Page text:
29 January 2013
The Marine Resources Panel has acknowledged the concerns of local fisherman about fishing quotas.
At its most recent meeting the Panel heard from the Jersey Fishermen's Association that catch limits on some fish species are limiting the potential of their industry, which almost exclusively targets shellfish.
The Panel heard that fishermen want an updated regime, which would allow more local control of fish stocks but would also allow a number of boats to target fish in a sustainable way.
Under a UK/Jersey Fisheries Management Agreement (known as FMA) approved in 1996, Jersey adopted the same system for managing fish stocks as applies elsewhere in Europe, including quotas for a number of species, several of which are important to local fishermen.
The FMA was approved after consultation with the local fishing industry and was necessary for the Island to extend its territorial waters from 3 to 12 miles. It was also the first step towards limiting French vessels' access to local waters and allowing the Island to manage shellfish stocks.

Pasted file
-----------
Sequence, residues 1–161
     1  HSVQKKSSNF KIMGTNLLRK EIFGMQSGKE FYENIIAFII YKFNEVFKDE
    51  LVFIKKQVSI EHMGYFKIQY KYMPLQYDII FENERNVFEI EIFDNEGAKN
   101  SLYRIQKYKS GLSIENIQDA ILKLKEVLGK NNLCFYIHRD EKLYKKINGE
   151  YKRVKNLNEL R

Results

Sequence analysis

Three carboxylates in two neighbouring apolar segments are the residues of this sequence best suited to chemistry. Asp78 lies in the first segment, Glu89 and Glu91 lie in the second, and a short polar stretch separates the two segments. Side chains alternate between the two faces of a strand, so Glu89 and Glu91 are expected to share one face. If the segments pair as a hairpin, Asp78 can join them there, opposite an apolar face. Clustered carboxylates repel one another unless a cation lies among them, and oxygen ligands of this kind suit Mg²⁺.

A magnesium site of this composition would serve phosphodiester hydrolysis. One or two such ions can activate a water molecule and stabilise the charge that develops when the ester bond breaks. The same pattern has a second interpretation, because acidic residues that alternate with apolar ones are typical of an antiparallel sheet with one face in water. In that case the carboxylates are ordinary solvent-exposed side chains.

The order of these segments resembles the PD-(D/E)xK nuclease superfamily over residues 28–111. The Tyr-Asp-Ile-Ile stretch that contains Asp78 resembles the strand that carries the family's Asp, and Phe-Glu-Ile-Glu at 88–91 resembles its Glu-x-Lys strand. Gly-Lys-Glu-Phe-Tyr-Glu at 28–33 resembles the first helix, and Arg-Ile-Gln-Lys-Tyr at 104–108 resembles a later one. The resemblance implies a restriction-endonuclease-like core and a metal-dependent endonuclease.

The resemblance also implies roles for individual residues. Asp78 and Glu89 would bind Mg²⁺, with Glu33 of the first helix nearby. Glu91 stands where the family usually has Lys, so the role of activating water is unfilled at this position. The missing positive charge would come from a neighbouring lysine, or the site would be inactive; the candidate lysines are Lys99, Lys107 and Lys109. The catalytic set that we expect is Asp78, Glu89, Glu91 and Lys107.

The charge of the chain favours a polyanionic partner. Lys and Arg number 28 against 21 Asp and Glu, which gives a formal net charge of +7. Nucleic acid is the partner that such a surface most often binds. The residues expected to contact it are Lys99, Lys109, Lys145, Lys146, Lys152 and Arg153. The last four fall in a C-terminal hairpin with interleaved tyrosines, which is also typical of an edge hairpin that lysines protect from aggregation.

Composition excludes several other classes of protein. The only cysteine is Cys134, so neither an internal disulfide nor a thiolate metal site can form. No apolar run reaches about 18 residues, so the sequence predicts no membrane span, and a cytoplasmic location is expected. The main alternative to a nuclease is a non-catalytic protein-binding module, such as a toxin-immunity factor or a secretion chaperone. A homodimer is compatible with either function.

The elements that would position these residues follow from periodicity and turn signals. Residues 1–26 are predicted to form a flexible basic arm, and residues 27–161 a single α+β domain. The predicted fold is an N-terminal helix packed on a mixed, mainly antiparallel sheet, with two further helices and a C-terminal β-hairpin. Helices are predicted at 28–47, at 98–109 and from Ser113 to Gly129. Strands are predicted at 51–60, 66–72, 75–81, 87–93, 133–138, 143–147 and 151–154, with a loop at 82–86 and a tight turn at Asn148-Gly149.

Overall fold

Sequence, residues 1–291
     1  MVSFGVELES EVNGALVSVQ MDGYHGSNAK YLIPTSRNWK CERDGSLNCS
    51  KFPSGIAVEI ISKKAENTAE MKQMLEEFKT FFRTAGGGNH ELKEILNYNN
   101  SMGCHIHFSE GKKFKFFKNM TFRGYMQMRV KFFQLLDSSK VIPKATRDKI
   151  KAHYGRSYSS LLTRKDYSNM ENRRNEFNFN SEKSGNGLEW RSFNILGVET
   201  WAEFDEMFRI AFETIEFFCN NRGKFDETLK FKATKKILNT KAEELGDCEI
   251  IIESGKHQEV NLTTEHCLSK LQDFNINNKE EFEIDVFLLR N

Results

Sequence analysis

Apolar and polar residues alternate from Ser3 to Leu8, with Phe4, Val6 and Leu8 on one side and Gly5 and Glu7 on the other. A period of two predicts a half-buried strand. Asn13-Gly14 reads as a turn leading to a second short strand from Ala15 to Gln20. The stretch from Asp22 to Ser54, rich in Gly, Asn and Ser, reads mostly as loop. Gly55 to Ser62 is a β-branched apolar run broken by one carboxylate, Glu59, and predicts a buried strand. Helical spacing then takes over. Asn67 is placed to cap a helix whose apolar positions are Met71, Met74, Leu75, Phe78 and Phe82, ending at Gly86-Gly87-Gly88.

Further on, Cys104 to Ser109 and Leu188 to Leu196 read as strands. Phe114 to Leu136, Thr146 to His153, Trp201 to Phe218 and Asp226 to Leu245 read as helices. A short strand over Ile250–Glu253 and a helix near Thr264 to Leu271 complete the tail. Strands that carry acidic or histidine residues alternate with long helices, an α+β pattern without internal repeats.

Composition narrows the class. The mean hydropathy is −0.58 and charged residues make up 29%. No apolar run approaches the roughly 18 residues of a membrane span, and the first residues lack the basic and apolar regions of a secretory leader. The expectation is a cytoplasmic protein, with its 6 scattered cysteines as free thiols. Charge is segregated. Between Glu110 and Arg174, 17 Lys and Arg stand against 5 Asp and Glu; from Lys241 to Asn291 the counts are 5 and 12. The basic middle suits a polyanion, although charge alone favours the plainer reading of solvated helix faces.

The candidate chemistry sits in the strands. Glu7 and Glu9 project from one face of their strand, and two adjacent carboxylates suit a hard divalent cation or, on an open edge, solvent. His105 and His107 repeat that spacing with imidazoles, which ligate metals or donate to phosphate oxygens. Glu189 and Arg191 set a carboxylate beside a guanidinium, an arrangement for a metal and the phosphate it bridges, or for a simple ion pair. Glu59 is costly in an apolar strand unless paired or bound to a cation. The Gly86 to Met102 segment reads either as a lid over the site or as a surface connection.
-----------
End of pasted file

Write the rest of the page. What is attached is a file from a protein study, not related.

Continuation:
The Assistant Director for Marine Resources, Mike Smith, said “The FMA was essential and has brought real benefits for the industry, but since then quota management has been developed to cover more vessels and an increased number of species.
“There may be a better way of managing quotas at a more local level that would allow more fishing opportunity for our vessels without depleting overall stocks, however it is a complex subject. The Environment Department has already started preliminary discussions on revising the FMA and included that work in its business plan for this year.”
Mr Smith continued “We’ll start discussions in earnest once we have developed a strategy based on the requirements of the industry and set against the need to manage both stocks and the environment in a sustainable way and fulfil our international commitments.”
The Marine Resources Section of the Department of the Environment will shortly be launching a consultation which will give Islanders a chance to make recommendations on these and a wide range of other marine resource and industry related issues.